When consumers were educated about the detrimental effects of trans fats on their bodies, some began to buy only those products which did not contain the harmful lipid. Finding it cumbersome to read the ingredients of each good they bought, these consumers protested that trans fat content should be part of the nutrition facts label. The FDA granted their wish. Since companies are now forced to display trans fat content on their nutrition labels, most businesses have eliminated the substance for fear that their brands will lose sales. Similarly, if companies are only allowed to place the conspicuous recyclable label on truly recyclable goods, there will be more revenue gained from those products and fewer companies will retain the use of non-recyclable plastics. Additionally, as engineers attempt to find new plastics and uses for plastics that previously could not be recycled, desirable products that reduce waste can be introduced to society. Not only would they benefit mankind but also the ecosystem.

Although companies are largely responsible for producing non-recyclable plastics, the public contributes to the problem by not recycling the plastics that are recyclable. Only 76% of Americans participate in recycling at all. Three out of four plastic bottles are never recycled. Many do not realize the multifarious uses for recycled plastics such as benches, bottles, textiles, flower pots and car bumpers. It seems that reasons of effort, time, the small extra cost, and simple apathy toward preserving our resources and environment are the cause for the lack of recycling. Either governmental prodding or even fines may be needed to spur Americans to recycle their used plastic. If truly recyclable plastics bore the “green logo,” there would be no need to sort plastics. This would take most of the effort from their duty. Considering that it takes just a few minutes to put a recycling bin on the curb, the problem with time is minor. The cost of paying a little more for a “green” product is minimal compared to the enormous cost of cleaning up the environment. Sadly, the last problem, apathy, is a hard disease to cure, and the recalcitrant may only be forced to obey the government with fines.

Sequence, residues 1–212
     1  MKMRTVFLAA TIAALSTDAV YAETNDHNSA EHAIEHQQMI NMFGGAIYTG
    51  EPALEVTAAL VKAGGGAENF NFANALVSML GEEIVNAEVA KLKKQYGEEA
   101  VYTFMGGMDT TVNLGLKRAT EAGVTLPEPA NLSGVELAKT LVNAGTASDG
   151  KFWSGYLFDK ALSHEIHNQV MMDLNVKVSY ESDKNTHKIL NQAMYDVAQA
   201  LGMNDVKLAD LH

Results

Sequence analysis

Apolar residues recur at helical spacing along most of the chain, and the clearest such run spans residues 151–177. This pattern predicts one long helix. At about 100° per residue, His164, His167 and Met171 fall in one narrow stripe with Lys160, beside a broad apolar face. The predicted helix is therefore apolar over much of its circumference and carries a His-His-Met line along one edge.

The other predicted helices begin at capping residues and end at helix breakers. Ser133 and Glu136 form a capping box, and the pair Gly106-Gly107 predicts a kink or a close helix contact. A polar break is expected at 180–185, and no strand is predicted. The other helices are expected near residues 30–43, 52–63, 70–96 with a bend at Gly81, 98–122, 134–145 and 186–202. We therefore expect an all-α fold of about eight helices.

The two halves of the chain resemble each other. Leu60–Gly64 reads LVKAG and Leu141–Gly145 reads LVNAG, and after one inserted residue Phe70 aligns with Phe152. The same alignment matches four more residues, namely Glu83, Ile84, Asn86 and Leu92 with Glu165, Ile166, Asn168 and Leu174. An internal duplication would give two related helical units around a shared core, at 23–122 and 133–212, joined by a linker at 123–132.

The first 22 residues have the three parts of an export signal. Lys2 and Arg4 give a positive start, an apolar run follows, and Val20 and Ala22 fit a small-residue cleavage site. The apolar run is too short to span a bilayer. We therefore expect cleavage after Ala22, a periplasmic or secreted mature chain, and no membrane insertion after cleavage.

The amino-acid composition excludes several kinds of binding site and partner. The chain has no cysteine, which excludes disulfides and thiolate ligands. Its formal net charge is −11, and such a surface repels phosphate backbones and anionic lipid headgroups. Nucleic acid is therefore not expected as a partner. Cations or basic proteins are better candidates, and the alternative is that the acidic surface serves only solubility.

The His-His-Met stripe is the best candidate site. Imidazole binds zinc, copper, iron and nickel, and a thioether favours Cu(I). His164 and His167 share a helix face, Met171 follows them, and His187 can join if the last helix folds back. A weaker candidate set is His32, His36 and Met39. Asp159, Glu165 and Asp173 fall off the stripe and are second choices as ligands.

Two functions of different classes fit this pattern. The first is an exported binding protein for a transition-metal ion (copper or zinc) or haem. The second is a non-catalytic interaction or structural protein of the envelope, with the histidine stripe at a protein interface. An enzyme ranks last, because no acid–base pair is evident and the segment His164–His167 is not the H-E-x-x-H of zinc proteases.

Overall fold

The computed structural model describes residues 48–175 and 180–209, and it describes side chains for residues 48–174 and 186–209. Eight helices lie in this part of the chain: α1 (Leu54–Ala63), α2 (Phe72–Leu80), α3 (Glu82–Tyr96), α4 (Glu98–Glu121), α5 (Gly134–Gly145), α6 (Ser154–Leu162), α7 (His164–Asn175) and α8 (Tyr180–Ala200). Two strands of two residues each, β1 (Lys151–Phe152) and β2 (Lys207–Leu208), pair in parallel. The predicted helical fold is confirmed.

As the world has industrialized, many life-changing benefits have been reaped by society. Producing essential technologies, life-saving medicines, and better living conditions for all mankind have been a few of its blessings. Unfortunately this revolution has been society’s bane as well. Industrialism has produced cars along with destructive greenhouse gases, computers along with toxic waste in landfills, and finally the amazingly versatile plastics, which are non-biodegradable and add to landfill problems. Ultimately, if government, businesses and consumers work together, the true recycling of all plastics with the recycling insignia can be accomplished.

The author's comments:
My mom and I tried to brainstorm a more efficient way to recycle plastic - this was our brainchild.